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View Site Speed Trends With Node And The CrUX History API

· 5 min read

Earlier this month Google released the CrUX History API. CrUX is the Chrome User Experience Report which provides real-user page speed metrics for millions of websites. The History API allows us to see how the speed of a website has changed over time.

This article explains how you can use the API to look up page speed data for a website.

Obtain an API key

To use Google’s API you need a Google Cloud account. Then you can click Create Credentials on this page.

Google Cloud API & Services Dashboard

Select API key in the dropdown.

Dropdown with API key option

After waiting a bit the new API key will be presented to you. Copy it so you can use it later.

API key shown in modal after creation

Set up a Node.js project

To set up your Node project:

  1. Create a new folder on your computer for the project code
  2. Run npm init --yes
  3. Run npm install axios
  4. Create a crux.js file for your code

We’ll use the axios library to make requests to the API.

Make your first request to the CrUX History API

You are now ready to use the API. Copy the code below into crux.js and replace PASTE_API_KEY_HERE with your API key.

const axios = require("axios")
const url = `${API_KEY}`, {
origin: "",
metrics: ["largest_contentful_paint"]
}).then(res => {
console.log(JSON.stringify(, null, 2));

Run this code with node crux.js. The output will look something like this. I’ve removed some of the data to make it more readable. The full response shows 25 weeks worth of data.

"record": {
"key": {
"origin": ""
"metrics": {
"largest_contentful_paint": {
"histogramTimeseries": [
"start": 0,
"end": 2500,
"densities": [0.38177490234375, 0.37835693359375]
"start": 2500,
"end": 4000,
"densities": [0.23614501953125, 0.239227294921875]
"start": 4000,
"densities": [0.382080078125, 0.382415771484375]
"percentilesTimeseries": {
"p75s": [5881, 5845]
"collectionPeriods": [
"firstDate": { "year": 2022, "month": 8, "day": 7 },
"lastDate": { "year": 2022, "month": 9, "day": 3 }
"firstDate": { "year": 2022, "month": 8, "day": 14 },
"lastDate": { "year": 2022, "month": 9, "day": 10 }
  • collectionPeriods shows the week when the data was collected from Chrome users
  • percentilesTimeseries shows an average load time for users, in this case the 75th percentile (so 25% of users waited more than 5881 milliseconds for the page to load)
  • histogramTimeseries shows the Good/Needs Improvement/Poor buckets Google uses to evaluate the Largest Contentful Paint metric (here 38.2% of experiences were good, 23.6% of experiences were ok, and 38.2% were poor)

Analyze the data

Viewing a big blob of JSON isn’t very exciting. Is Youtube getting faster or slower?

We can change the code as follows to view a summary of the Largest Contentful Paint trend., {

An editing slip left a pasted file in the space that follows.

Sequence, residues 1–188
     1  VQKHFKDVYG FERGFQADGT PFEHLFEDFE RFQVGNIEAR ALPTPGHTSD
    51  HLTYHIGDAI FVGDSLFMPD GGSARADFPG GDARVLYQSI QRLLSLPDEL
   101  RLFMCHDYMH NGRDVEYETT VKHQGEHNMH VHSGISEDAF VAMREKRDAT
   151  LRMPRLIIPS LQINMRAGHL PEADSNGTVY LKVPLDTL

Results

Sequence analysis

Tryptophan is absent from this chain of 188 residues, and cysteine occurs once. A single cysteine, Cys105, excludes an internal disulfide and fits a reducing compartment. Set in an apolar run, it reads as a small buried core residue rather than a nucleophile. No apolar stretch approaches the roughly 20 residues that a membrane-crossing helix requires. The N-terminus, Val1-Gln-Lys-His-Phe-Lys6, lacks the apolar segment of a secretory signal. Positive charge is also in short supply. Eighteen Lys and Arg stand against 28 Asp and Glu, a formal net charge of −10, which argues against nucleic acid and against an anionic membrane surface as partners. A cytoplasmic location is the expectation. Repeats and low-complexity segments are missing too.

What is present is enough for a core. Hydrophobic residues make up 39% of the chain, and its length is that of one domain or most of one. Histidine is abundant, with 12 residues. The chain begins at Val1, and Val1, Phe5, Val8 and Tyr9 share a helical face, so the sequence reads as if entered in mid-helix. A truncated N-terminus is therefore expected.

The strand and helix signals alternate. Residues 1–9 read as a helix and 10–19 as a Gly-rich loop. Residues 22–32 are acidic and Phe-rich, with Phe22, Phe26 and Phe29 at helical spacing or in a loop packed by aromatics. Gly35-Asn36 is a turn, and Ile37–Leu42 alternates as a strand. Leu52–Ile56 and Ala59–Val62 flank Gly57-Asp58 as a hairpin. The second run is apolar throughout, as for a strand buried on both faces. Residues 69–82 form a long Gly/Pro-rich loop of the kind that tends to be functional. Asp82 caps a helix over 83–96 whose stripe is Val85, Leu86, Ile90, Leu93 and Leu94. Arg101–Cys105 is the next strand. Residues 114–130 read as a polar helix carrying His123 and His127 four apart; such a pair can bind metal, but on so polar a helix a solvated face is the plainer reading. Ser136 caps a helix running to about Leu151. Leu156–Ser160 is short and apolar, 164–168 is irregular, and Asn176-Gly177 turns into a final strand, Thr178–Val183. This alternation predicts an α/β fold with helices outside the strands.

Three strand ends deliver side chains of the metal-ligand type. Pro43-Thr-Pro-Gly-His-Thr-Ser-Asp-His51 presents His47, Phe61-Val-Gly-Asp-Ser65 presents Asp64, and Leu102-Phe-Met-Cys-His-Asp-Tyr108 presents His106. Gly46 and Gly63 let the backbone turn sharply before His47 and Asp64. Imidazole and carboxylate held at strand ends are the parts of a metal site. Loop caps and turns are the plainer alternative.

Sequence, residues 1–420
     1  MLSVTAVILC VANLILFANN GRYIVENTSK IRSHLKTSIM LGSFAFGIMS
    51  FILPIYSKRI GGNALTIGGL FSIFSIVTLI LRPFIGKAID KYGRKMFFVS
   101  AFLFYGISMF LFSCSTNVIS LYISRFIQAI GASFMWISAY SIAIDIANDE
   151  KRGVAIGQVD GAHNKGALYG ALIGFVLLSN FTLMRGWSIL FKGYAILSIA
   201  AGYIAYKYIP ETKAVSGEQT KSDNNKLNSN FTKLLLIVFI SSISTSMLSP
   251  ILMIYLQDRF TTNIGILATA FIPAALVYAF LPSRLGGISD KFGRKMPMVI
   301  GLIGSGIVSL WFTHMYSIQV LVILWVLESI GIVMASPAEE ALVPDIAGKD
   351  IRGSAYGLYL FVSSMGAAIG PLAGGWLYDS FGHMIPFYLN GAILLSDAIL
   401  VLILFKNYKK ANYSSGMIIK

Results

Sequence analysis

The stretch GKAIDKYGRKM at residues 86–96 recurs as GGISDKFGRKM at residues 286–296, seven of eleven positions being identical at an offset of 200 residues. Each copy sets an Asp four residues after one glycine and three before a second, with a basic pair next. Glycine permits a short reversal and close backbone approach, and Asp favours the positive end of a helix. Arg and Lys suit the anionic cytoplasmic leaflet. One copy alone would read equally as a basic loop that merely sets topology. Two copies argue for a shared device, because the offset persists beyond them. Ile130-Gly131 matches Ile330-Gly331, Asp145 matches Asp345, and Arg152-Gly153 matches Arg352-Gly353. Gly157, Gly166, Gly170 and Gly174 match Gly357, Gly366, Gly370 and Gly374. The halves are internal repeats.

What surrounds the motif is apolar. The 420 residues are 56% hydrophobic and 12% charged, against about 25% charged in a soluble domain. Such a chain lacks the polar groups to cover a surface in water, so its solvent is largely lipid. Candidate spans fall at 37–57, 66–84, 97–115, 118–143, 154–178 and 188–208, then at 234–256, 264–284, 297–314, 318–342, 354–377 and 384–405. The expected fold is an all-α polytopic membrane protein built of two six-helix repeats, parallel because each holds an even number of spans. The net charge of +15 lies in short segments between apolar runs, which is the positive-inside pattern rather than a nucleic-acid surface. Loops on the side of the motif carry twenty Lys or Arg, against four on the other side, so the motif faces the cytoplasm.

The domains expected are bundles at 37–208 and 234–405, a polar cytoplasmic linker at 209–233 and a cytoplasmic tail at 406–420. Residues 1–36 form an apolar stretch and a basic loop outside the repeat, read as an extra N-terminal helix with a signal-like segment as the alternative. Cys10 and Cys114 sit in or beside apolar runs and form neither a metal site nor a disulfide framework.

origin: "",
metrics: ["largest_contentful_paint"]
}).then(res => {
const record =;
const collectionPeriods = record.collectionPeriods;
const p75s = record.metrics.largest_contentful_paint.percentilesTimeseries.p75s;

const firstLcp = p75s[0];
const lastLcp = p75s[p75s.length -1];
const firstCollectionPeriod = collectionPeriods[0];
const lastCollectionPeriod = collectionPeriods[collectionPeriods.length - 1];

console.log(`75th percentile LCP changed from ${firstLcp} ms to ${lastLcp} ms`);
console.log(`Between ${stringifyPeriod(firstCollectionPeriod)} and ${stringifyPeriod(lastCollectionPeriod)}`);

function stringifyPeriod(period) {
return `${period.firstDate.year}-${period.firstDate.month}-${}`;

After running our script this is what’s shown in the console:

75th percentile LCP changed from 5881 ms to 5341 ms
Between 2022-8-7 and 2023-1-22

Between August 2022 and January 2023 the Youtube website has become faster. Or at least their visitors started getting faster network connections and devices.

Request more metrics

So far we’ve only requested the LCP, but the CrUX History API supports 6 different metrics:

  • experimental_time_to_first_byte
  • first_contentful_paint
  • largest_contentful_paint
  • first_input_delay
  • cumulative_layout_shift
  • experimental_interaction_to_next_paint

Filtering data

So far we’ve been looking at data for all users on the website. The formFactor parameters lets us filter that down to just PHONE or DESKTOP users., {
origin: "",
formFactor: "PHONE",
metrics: ["largest_contentful_paint"]

Fetching URL-level data

To load data for just the Youtube homepage instead of the whole website you can rename the origin parameter to url., {
url: "",
formFactor: "PHONE",
metrics: ["largest_contentful_paint"]

Handling API errors

What if Google doesn’t have data for a website? To address that we need to add a catch handler to the axios request., {
origin: "",
metrics: ["largest_contentful_paint"]
}).then(res => {}).catch(err => {

Node now prints the following response:

"error": {
"code": 404,
"message": "chrome ux report data not found",
"status": "NOT_FOUND"

Monitoring CrUX data continuously

Are you trying to keep on top of Google’s Core Web Vitals data? DebugBear not only runs daily lab tests but also uses the CrUX API to show performance trends over time.

Sign up for a free 14-day trial.

DebugBear performance dashboard showing CrUX data

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